The problem of Insider Trading is been bothering the debt and equity market for a long period of time, making the investors to feel unsafe in the securities market. Insider trading is an act through which an insider makes profit out confidential information which are not disclosed to any investor. An insider trader is always a very influential person who has a close connection to financial world. The mental element of an insider is significant because he is in position to dictate or at least influence when the public disclosure of price sensitive information is to be made. A certain person by virtue of their position being in more advantageous position than others with regard to price sensitive information. The main reason of passing insider trading laws is that the government wants to ensure that everyone involved in the stock market has equal information and that any information available to one active participant in the market is available to all participants.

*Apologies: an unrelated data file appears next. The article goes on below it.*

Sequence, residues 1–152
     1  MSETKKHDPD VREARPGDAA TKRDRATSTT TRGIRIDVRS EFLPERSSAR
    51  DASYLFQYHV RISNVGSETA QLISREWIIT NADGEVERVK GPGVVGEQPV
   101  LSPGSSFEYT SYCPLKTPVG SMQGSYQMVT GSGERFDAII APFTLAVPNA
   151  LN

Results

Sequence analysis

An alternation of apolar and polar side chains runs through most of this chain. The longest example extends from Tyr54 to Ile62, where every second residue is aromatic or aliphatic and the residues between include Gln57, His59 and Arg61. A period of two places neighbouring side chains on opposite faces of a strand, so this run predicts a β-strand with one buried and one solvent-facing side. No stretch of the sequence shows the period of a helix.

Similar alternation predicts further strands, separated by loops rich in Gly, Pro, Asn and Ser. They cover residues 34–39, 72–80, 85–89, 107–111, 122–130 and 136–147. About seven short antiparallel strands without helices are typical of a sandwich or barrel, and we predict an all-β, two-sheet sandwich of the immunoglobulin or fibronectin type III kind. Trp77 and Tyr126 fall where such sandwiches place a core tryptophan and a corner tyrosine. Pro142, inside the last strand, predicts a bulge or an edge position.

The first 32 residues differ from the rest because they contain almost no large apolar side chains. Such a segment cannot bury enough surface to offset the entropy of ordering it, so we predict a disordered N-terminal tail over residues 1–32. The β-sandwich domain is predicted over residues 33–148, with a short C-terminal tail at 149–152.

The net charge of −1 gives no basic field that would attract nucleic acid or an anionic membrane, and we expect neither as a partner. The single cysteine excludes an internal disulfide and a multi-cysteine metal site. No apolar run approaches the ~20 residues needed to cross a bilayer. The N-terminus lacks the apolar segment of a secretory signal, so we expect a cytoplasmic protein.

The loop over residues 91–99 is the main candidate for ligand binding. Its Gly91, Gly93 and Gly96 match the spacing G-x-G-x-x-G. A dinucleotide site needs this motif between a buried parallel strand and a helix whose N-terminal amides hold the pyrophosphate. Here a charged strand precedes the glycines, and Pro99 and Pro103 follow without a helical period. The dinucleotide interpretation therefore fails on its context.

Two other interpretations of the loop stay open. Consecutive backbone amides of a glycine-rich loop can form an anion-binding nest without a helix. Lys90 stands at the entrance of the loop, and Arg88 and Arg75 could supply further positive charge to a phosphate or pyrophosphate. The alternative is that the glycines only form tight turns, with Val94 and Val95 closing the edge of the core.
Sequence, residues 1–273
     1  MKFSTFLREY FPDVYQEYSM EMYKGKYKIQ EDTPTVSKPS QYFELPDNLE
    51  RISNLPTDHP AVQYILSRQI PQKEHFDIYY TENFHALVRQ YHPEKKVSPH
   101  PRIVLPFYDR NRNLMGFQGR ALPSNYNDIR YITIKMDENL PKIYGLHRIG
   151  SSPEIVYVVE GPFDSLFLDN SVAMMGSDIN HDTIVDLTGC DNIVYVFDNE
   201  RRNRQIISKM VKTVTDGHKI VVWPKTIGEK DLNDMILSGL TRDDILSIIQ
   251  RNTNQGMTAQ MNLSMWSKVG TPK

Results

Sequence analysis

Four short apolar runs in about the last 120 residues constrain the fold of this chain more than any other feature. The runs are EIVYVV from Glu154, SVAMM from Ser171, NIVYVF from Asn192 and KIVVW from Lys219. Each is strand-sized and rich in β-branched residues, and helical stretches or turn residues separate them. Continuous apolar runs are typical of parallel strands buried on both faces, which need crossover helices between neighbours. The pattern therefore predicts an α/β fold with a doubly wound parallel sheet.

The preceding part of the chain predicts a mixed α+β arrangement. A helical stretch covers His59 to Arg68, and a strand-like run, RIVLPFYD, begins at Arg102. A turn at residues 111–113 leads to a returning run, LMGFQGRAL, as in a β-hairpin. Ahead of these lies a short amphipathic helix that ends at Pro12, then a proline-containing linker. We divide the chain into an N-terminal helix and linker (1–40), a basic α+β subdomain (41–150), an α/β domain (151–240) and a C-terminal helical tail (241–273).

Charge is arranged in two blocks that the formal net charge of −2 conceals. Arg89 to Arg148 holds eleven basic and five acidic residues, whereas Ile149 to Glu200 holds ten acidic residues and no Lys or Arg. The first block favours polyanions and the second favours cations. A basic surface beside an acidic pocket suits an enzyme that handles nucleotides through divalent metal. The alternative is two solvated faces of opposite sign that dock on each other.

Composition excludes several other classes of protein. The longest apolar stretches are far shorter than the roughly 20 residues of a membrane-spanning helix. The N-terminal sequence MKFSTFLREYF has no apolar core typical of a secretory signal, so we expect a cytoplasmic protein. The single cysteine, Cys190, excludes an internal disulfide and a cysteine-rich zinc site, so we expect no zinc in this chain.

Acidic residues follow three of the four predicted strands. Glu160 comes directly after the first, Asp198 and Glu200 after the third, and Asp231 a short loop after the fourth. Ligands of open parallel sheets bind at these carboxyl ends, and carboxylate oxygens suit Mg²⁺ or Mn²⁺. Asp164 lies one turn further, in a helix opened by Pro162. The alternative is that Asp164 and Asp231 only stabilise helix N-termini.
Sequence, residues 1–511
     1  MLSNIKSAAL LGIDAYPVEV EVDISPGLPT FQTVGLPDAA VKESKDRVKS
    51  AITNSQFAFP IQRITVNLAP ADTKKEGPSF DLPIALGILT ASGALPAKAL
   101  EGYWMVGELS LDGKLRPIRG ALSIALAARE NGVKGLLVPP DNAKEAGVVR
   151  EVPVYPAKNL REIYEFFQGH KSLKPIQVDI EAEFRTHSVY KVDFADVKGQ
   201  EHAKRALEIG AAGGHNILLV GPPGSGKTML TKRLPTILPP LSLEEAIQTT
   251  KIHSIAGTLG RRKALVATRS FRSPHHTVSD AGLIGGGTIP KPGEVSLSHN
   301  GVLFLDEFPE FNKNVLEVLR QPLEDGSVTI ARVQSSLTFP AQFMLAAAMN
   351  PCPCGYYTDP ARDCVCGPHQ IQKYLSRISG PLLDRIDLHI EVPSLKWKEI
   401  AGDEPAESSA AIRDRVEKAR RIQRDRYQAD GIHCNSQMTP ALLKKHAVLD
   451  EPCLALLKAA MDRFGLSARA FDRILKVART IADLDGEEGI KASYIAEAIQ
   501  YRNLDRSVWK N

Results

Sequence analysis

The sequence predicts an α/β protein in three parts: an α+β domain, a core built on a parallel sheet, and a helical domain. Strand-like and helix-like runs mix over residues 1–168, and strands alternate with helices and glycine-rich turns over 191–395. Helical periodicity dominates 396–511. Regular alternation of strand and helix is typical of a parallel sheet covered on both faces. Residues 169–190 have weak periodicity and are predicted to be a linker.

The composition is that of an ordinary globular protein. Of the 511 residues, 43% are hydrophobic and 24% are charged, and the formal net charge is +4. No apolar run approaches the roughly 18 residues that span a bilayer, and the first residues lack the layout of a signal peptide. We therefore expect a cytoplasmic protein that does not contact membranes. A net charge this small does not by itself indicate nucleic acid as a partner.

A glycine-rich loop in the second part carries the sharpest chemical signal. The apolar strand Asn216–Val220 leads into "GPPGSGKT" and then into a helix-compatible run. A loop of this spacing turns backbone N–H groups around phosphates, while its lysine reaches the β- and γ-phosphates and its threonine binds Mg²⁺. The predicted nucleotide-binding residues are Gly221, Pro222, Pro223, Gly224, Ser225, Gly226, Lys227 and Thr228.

As India got industrialised in 1992, the access to securities market became easier for both companies and investors and the practice of insider trading became prevalent. With the passing of Securities Exchange Board of India (Prohibition of Insider Trading) act 1992 much of the restrictions were put on such mal practice by company employees only. There are other certain laws. Besides the 1992 Regulations, insider trading is also prohibited under regulation 3 of Prohibition of Fraudulent and Unfair Traded Practices Regulations, 2003.


Securities market in India came into existence in 1875 with establishment of Bombay Stock exchange. In 1979, the Sachar committee said in its report that directors, auditors, company secretaries etc. may have some price sensitive information that could be used to manipulate stock prices which may cause financial misfortunes to the investing public. The companies recommended amendments to Companies act 1956 to restrict or prohibit the dealings of the employees.